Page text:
Brian Kidd finds a gentle way to work off the festive flab

Why not have a go at growing peas?

Why not have a go at growing peas?

Polyanthus: dig them up when they finish blooming.

BRIAN KIDD: on how to save polyanthus and potted roses

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Now that we have had a bit of a rest from the garden we need to lose a bit of weight, but also ease our way into the new gardening year.

There are a few things we can do in the greenhouse: have a good clear-out, pick over dead leaves and have a good sweep-up.

... the rewards are great.

... the rewards are great.

Did you remember to sow some early pea seeds in cells?

I remembered and sowed six trays in the greenhouse at the allotment. They are now five inches tall and I am going to plant them out as soon as the wind drops and protect them with sprays of hazel branches.

Have you ever grown peas? Good, then have a go at this.

Half-fill insert cells with universal potting compost and put just two pea seeds in each cell. Cover the seeds with the compost and give the trays a shake which will settle it.

Water the compost and seedlings will emerge in about three weeks. Protect them from mice because they love pea seeds.

I put a plank supported by two upturned plastic buckets on the bench in my greenhouse at the allotment because rats and mice can’t climb the sides of plastic buckets.

Allow the seedling roots to fill the cells and then they can be planted into the garden or allotment and you’ll be picking peas at the end of May.

Can’t be bothered? OK, buy the frozen variety.

I had a walk around the garden this morning. The snowdrops are blooming in a couple of places; the camellias, both double white and single pink, are looking beautifuland are incredibly early this year, while daphne Jaquiline Postill is filling the garden with perfume.

The polyanthus looked as if they were drowning, but just a quick fork around them with a garden fork was all they needed and and they perked up well.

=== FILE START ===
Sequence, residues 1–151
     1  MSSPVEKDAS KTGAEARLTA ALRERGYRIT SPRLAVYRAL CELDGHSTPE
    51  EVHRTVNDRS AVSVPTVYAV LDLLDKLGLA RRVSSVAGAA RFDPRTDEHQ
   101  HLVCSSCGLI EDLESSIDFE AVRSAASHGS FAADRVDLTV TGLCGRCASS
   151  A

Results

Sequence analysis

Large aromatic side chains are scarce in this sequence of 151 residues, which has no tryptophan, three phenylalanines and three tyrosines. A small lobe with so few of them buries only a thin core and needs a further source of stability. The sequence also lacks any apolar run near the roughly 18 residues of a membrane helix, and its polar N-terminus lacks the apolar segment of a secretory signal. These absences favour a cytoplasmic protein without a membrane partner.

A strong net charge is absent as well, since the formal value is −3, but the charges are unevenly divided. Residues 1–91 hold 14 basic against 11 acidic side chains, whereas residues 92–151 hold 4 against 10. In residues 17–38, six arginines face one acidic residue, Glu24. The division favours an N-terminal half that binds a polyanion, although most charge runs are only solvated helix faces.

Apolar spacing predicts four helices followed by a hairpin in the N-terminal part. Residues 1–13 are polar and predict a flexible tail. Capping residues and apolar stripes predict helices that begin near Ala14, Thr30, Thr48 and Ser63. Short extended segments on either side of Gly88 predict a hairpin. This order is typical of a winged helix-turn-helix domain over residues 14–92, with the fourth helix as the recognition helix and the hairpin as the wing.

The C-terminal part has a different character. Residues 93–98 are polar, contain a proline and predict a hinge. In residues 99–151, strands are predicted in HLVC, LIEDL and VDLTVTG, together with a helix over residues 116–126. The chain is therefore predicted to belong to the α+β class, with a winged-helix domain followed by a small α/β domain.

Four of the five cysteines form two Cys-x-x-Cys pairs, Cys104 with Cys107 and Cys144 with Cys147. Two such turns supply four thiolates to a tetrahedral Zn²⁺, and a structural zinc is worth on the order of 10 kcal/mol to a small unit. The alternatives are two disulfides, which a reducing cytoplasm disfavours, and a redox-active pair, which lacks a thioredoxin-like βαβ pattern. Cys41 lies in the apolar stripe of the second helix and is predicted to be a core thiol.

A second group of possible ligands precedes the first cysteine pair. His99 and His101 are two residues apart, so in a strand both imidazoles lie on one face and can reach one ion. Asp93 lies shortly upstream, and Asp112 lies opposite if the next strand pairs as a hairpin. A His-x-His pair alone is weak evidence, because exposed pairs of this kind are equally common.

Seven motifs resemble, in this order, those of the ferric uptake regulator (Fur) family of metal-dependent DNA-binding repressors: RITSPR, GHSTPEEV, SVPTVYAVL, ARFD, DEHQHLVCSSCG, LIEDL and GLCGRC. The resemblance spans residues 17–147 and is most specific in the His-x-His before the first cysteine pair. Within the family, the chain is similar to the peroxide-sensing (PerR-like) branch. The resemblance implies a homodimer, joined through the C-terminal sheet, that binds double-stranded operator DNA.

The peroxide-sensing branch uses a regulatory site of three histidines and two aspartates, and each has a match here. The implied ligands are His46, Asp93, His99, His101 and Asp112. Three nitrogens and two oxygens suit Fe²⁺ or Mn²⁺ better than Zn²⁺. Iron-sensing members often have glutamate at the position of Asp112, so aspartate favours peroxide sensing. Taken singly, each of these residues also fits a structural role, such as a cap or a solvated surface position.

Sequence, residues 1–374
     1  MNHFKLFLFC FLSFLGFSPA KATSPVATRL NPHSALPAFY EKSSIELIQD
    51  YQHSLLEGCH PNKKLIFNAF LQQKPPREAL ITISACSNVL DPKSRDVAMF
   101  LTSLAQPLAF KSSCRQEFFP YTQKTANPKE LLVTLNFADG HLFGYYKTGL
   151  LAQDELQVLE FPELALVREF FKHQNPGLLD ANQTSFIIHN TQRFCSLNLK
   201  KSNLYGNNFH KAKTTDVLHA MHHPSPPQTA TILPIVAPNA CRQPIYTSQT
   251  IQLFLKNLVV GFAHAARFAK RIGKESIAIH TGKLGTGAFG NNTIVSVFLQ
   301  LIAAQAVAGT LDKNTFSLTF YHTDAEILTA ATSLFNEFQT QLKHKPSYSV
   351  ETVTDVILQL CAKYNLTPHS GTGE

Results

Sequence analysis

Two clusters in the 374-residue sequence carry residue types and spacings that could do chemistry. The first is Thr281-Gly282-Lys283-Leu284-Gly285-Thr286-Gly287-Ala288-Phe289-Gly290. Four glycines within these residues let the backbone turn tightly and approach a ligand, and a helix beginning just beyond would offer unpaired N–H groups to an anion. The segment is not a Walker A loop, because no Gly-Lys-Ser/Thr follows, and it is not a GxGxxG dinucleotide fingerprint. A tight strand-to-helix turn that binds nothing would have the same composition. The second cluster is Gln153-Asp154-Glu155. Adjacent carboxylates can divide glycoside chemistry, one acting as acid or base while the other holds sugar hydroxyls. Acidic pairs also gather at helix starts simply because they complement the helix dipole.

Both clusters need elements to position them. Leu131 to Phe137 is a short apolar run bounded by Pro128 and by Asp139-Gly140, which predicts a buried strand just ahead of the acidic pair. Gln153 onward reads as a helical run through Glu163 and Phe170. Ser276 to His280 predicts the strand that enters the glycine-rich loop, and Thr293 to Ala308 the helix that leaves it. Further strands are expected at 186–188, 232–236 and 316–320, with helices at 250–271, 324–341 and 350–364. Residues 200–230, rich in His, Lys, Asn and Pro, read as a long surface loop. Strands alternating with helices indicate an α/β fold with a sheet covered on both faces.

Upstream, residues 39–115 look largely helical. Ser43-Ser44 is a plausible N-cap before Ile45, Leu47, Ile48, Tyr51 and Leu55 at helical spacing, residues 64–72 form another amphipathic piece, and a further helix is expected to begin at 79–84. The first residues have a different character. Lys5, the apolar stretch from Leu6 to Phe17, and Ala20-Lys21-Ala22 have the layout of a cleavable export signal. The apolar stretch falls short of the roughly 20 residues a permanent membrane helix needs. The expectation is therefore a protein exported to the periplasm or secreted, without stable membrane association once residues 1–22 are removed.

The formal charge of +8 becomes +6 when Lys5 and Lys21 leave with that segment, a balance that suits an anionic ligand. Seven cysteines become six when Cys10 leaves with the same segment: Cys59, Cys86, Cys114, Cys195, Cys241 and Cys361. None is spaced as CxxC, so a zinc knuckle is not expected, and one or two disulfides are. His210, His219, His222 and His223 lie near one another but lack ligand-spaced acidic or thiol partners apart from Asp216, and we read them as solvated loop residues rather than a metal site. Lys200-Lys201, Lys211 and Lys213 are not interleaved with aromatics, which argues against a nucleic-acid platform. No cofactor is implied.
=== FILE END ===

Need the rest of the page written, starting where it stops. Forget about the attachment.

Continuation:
It was good to see birds happy on the feeders, especially the woodpecker. I always say to Pam: ‘The woodpecker says nip round to Pam’s for a good feed.’

Some of the most pleasing plants at this time of year are the winter-flowering heathers. They are so hardy, even after being almost flooded. They were literally under water for about a week and then covered with frost last week. Now they are in full flower and when the sun is out, you would think it was mid-summer.

Add to this a background of the beautiful golden leaves of elaeagnus maculata aurea and the bold red bottle shapes of the berries on aucuba, and the garden looks great.

The trouble is the grass is too wet to gather the remaining leaves.

Never mind, only three weeks and the snowdrops will be in full bloom in wonderful white drifts and it will be light at 5pm by the last day of this month!

Keep smiling, Easter eggs are in the shops...

TIP OF THE WEEK

The yellow botanical crocus are coming into bloom in sheltered places.

To prevent them being damaged by sparrows in the early morning, cut out the shape of a cat lying down.

Paint it black with a white patch on the front to make it look realistic and thrust two marbles into where the eyes should be and place it nearby.

The sparrows will keep off the blooms.

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